Presently, the men board the lorry and it roars off in a cloud of dust. The dog gazes mournfully at the receding lorry, and then wanders off. A stray breeze brings the faint voice of the news-broadcaster, announcing that the seasoned old bandicoot has won.

 

 

General ravings, Musings

Shaheen Bagh: a Pilot Project for Mass Murder

This is about the ongoing anti-CAA protests at Shaheen Bagh, New Delhi.

I visited Shaheen Bagh on Friday the 31st January 2020 between 10:00 and 14:30. I wanted to find out, for myself, whether the anti-CAA protest going on here is indeed ‘spontaneous’ as claimed by Left-leaning media and their cohorts; or whether it is ‘manufactured’ as claimed by the Right-leaning media and their cohorts.

What I learned and experienced confirms my worst fears about what’s going on in Shaheen Bagh and where it will lead us—fears that I summarized in this photo (apologies: I might have already  posted this to some of you on 31st January via WhatsApp and Instagram).

Shaheen Bagh - The Morning After

 I firmly believe the Shaheen Bagh protest is as spontaneous as a forest fire started by ‘tourists’ who first doused the helpless trees with petrol, then set the trees  ablaze starting with the young ones … and now visit the fire every evening during Prime Time TV hours with fresh supplies of petrol and other inflammatory materials to make sure the fires don’t die out.   

I expected to find a sea of protesters, singing and chanting slogans of Peace, Harmony, Patriotism, Insaaniyat. I found barely 70 to 80 people in all. About a dozen women were in their tent, near the makeshift stage; the men stood around outside in little clusters, tense, conversing in low murmurs. Barring a couple of Mentors and one Minder who stood out by their suspicious glances towards me, their confident, persuasive tones and carefully careless attire, all were locals. My few conversations with the local men were short, their nods were brief, smiles strained. They were courteous, I wandered around and took a few photos unhindered. But there was fear in their eyes, in the air. The fear  fear that took me back to Bombay, 1992, when men turned into monsters and the stench of blood and burning human hair and death hung over Dharavi and Mahim and Jogeshwari…

I joined one group; they were anxiously discussing the young Muslim man who had been shot at by another, a Hindu,  outside the Jamia Millia the previous day. “It might happen here!” was their refrain.  A Mentor reassured them that it wouldn’t; urged them  to remain courageous and continue their ‘andolan‘.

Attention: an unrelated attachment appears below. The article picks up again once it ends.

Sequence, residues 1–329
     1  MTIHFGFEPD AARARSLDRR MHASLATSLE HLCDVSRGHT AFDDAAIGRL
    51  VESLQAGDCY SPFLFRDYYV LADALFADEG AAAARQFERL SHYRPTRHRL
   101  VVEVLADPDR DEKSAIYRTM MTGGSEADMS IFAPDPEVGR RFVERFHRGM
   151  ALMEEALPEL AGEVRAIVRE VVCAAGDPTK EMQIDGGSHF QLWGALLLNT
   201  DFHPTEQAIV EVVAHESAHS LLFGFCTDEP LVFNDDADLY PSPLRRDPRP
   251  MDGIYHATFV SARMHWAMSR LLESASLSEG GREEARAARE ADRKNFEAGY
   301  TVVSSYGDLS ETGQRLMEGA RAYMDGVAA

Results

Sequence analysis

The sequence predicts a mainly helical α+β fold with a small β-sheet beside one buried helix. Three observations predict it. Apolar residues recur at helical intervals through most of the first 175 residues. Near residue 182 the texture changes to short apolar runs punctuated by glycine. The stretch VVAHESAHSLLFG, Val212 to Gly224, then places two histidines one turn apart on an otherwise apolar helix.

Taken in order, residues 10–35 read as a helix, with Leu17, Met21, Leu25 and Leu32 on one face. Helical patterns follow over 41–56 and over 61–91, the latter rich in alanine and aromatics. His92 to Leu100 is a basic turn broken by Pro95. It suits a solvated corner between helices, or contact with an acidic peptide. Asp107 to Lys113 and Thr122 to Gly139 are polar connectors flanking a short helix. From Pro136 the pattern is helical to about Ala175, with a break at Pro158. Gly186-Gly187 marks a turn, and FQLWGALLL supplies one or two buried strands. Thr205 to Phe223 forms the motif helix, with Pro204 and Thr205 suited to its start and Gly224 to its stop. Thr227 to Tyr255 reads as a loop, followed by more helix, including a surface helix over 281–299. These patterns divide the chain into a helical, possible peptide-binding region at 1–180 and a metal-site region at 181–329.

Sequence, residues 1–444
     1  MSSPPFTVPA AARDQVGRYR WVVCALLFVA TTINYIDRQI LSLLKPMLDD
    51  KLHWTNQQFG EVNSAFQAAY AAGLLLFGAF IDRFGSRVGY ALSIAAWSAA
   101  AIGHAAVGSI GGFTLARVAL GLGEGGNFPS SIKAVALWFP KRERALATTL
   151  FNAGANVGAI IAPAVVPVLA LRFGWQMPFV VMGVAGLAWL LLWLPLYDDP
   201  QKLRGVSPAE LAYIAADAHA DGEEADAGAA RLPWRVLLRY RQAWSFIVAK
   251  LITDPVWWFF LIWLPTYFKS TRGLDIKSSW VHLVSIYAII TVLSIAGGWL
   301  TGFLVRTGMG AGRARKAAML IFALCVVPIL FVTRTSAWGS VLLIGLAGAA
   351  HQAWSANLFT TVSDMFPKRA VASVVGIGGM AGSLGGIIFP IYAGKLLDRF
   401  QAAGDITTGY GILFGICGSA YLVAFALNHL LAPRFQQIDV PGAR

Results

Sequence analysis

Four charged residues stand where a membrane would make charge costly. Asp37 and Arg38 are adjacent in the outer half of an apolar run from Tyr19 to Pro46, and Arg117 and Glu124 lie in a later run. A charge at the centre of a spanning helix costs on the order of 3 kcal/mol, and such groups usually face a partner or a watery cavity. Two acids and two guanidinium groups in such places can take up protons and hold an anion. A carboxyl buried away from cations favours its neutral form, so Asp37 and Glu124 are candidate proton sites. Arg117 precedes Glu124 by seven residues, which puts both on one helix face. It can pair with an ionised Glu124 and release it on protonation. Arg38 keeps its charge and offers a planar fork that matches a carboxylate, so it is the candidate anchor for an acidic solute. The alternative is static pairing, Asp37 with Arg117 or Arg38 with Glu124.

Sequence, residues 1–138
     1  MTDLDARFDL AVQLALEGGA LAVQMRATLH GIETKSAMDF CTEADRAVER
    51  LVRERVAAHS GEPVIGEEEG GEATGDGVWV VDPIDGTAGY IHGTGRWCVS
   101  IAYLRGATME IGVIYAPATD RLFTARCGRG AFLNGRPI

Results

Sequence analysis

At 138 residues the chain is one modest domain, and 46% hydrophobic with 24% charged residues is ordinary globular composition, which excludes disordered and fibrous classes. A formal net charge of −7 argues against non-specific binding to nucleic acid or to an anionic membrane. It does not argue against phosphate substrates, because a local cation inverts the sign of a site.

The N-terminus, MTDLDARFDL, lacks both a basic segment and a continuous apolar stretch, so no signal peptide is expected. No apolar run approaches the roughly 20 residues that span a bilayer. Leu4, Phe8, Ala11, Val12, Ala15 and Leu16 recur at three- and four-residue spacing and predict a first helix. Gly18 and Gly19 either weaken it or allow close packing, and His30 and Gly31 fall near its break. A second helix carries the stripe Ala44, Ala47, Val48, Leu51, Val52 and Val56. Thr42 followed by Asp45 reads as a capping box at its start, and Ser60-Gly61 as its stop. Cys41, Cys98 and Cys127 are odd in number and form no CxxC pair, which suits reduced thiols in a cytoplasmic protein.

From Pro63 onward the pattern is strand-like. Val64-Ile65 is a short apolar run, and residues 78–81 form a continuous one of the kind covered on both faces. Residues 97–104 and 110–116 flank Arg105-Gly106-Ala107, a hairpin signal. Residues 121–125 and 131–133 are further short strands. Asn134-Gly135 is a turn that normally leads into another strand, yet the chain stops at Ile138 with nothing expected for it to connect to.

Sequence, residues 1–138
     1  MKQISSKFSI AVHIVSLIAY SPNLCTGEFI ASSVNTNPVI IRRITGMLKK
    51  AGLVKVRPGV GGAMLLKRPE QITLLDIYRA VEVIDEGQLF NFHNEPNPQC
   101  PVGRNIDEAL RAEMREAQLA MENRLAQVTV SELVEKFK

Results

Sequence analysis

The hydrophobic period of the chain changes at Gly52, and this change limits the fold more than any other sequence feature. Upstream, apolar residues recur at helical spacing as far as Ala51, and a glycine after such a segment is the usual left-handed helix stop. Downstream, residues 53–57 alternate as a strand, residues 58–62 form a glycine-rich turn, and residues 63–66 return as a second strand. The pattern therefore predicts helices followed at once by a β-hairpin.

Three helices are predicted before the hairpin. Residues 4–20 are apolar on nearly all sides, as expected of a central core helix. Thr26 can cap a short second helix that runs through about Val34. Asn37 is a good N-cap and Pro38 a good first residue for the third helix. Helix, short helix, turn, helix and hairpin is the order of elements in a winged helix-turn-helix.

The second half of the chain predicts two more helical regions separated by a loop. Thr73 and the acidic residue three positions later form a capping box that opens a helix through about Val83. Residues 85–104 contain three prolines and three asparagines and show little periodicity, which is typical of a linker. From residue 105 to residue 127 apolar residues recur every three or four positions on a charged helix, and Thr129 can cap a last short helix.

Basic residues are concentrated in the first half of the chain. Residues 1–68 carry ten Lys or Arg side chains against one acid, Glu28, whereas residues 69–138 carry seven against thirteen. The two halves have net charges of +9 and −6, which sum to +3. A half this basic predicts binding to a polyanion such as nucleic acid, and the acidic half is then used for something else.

Aside of the Mentors and Minder, there was only one other non-local like me: a middle-aged bearded man wandering around with a camera. Where are the crowds, the speeches and shows? he asked a little plaintively. The Minder, who was built like a mini-truck, was gruff: “Sham ko ao…tabhi log aate hain.”

Come in the evening: that’s when the crowds are here.

Shaheen Bagh is designed for Prime Time.

I reiterate what I voiced in an earlier post: that each and every political group in India—Left or Right, AAP or non-existent Centre—is yearning for large-scale communal violence to divide the masses along Hindu vs. Muslim lines. Because the Ayodhya issue that has sustained all of them for over 30 years has finally been resolved honourably by the Supreme Court, much to their chagrin; henceforth, Babri Masjid and Ram Janmabhoomi can no longer be flogged by them for votes.

And so, all political parties are doing their best—and their worst—to create a new long-term issue for Hindu vs. Muslim polarization. They all hope to gain by sparking off communal violence in Shaheen Bagh. And they are being aided and abetted in their efforts by their respective captive media and ‘intellectuals’.

I firmly believe the locals of Shaheen Bagh and of nearby Abu Fazal Enclave – the majority of them hapless working class Muslims —have been terrorized by Evil Teachers into believing that because of CAA it is only a matter of time before they, and all other Muslims in India, will be identified as ‘illegals’, carted off to detention camps by the police, and then ‘deported’ – if not murdered by RSS-led Hindu mobs.

I now know for sure who these Evil Visiting Teachers of Shaheen Bagh are, too.  I think you too won’t find it hard to identify them even without visiting Shaheen Bagh – some of the posters are a dead giveaway (see below).

No words can convey my rage and sadness at what is being done at  Shaheen Bagh…at the venality of those who have made its impoverished people scapegoats in a Pilot Project for scaling up to nation-wide violence.